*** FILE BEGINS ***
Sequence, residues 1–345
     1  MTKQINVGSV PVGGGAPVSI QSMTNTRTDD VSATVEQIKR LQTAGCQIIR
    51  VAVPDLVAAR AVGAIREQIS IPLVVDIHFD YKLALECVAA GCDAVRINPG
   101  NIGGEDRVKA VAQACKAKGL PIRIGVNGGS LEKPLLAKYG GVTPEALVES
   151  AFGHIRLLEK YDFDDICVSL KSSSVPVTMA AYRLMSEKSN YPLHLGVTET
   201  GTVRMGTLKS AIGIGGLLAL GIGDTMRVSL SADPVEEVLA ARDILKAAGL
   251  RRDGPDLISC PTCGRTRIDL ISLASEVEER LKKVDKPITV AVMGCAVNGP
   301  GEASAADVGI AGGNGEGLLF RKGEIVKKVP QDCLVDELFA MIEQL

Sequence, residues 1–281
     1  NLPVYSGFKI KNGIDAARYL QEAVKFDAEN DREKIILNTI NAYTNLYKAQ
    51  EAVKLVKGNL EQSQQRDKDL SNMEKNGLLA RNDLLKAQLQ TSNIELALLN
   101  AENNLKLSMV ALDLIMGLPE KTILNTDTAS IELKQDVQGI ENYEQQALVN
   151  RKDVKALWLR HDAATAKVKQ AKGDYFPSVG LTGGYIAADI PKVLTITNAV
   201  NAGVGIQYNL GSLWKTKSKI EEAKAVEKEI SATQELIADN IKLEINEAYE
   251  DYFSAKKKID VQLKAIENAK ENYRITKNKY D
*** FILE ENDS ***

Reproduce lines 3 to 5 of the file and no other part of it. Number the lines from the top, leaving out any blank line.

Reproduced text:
    51  VAVPDLVAAR AVGAIREQIS IPLVVDIHFD YKLALECVAA GCDAVRINPG
   101  NIGGEDRVKA VAQACKAKGL PIRIGVNGGS LEKPLLAKYG GVTPEALVES
   151  AFGHIRLLEK YDFDDICVSL KSSSVPVTMA AYRLMSEKSN YPLHLGVTET